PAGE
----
A Guide to Useful Signs for the Holiday Season
No matter how you say it, or what you say, the holiday season is a time where we tend to be at our merriest. There’s something magical about this time of year. It might be the chill in the air. It could be the snow crunching beneath our feet. Not every person or culture celebrates the same thing, but it’s the general celebration and joy that unites us all around this special time.
For someone who is deaf or hard of hearing, this time of year can present unique challenges, whether it’s communicating in large-group settings with a greater amount of cross-talk or varying levels of familiarity with signing among family members and loved ones.
Common Holiday Signs
Whether it’s to a family member, a friend, a neighbor, or a passerby, here are some quick, common holiday greetings that will make anyone in any situation that much more jolly.
When someone wishes to engage in a lengthy conversation, that’s where understanding one another can be a challenge. But there are simple yet effective ways to overcome these conversational barriers.
Holiday Hearing Hurdles
Social gatherings, while wonderful, can be very overstimulating. They bring family and friends together, but, if you are deaf or hard of hearing, they also bring crowding, multiple overlapping conversations, and high levels of noise. Here are some ways to filter out that noise:
- Communicate openly. Have conversations about potential hearing barriers, whether you or a loved one is deaf of hard of hearing. Talk about how to best interact with each other to build awareness of the situation and to be most accommodating.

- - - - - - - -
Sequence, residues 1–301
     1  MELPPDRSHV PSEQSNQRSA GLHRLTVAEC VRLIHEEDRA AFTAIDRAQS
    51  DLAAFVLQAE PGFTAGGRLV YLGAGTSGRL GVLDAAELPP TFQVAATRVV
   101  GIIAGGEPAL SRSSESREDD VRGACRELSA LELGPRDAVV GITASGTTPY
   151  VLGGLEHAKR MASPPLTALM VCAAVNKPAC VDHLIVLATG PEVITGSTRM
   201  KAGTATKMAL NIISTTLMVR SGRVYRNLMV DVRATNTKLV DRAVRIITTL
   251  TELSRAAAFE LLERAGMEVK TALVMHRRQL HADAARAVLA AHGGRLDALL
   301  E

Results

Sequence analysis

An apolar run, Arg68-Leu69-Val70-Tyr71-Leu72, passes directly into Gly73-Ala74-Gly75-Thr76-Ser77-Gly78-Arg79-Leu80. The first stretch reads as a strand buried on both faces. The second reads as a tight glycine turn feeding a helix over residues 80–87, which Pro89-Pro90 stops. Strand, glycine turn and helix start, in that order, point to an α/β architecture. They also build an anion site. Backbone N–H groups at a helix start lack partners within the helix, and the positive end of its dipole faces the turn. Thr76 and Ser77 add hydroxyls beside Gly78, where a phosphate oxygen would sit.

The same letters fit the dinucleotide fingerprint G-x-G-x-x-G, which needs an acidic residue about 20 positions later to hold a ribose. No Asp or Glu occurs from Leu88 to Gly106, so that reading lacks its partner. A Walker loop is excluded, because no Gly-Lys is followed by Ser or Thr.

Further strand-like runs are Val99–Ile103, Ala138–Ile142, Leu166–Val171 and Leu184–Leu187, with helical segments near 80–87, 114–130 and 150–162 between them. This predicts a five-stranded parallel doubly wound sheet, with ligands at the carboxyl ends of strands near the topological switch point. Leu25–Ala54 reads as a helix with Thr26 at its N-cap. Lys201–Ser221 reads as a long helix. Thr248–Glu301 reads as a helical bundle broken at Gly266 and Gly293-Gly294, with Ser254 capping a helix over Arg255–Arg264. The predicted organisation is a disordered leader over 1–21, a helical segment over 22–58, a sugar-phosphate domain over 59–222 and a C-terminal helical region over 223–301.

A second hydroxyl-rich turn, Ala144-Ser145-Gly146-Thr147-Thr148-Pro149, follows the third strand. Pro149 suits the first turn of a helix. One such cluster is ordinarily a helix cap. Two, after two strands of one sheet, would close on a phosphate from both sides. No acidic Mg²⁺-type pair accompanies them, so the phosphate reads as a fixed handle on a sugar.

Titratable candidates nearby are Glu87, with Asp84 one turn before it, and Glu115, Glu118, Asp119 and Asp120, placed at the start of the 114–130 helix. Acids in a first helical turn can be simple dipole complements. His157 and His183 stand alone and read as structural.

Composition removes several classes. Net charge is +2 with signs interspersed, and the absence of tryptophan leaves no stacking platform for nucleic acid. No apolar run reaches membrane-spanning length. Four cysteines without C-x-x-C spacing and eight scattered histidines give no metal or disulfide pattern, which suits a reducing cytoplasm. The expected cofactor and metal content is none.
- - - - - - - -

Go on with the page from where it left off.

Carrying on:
- Find a less-noisy area. Sometimes it’s just easier to find a place where there isn’t as much activity. This helps create focus and less strain for listening, signing or lip-reading.
- Choose a good place to sit. If you or a loved one read lips to communicate, sit somewhere that’s well-lit so this form of communication is more productive. Mutually decide on a spot to carry a one-on-one conversation with minimal cross-talk and the best lighting.
While there are ways for those who are deaf or hard of hearing to be proactive in making sure the holidays can remain a joyous time, responsibility falls equally on friends and family members.
Hear to Help
As the host of the annual holiday party, you want to be accommodating and make sure every guest is having a good time. If you know an attendee is deaf or hard of hearing, create several ways to be more inclusive.
- Create accessibility. It’s easy to go all out with holiday decorating (lights, music, etc.) but toning it down will make communicating much easier. Make sure there’s enough room and everything is well-lit so they can see those around them and read lips if they prefer.
- Be proactive. If you’re going to have a one-on-one conversation, you should be ready to step away to someplace quiet. Maybe it’s outside or into another, less-populated room.
- Don’t ignore. During the holidays there can be a lot to juggle, but that doesn’t mean people should get lost in the shuffle. If someone is sharing a story or a joke around the dinner table, retell it or write it down. Don’t say “it’s nothing,” or “I’ll tell you later.”
Perhaps you can’t make it to the holiday gathering but still, wish to send a merry holiday greeting. Relay SD provides several services to help you stay in touch. Our Relay Conference Captioning (RCC) makes calls accessible for everyone. RCC provides real-time captions to spoken dialogue. It ensures that nothing spoken gets missed and that no one feels left out. Plus, it’s available at no cost for South Dakota residents!
From greetings to gatherings, there are several ways to keep connected to the ones you love this holiday season. Remember to be accommodating and informative so that everyone can have a merry time. Happy holidays from Relay South Dakota!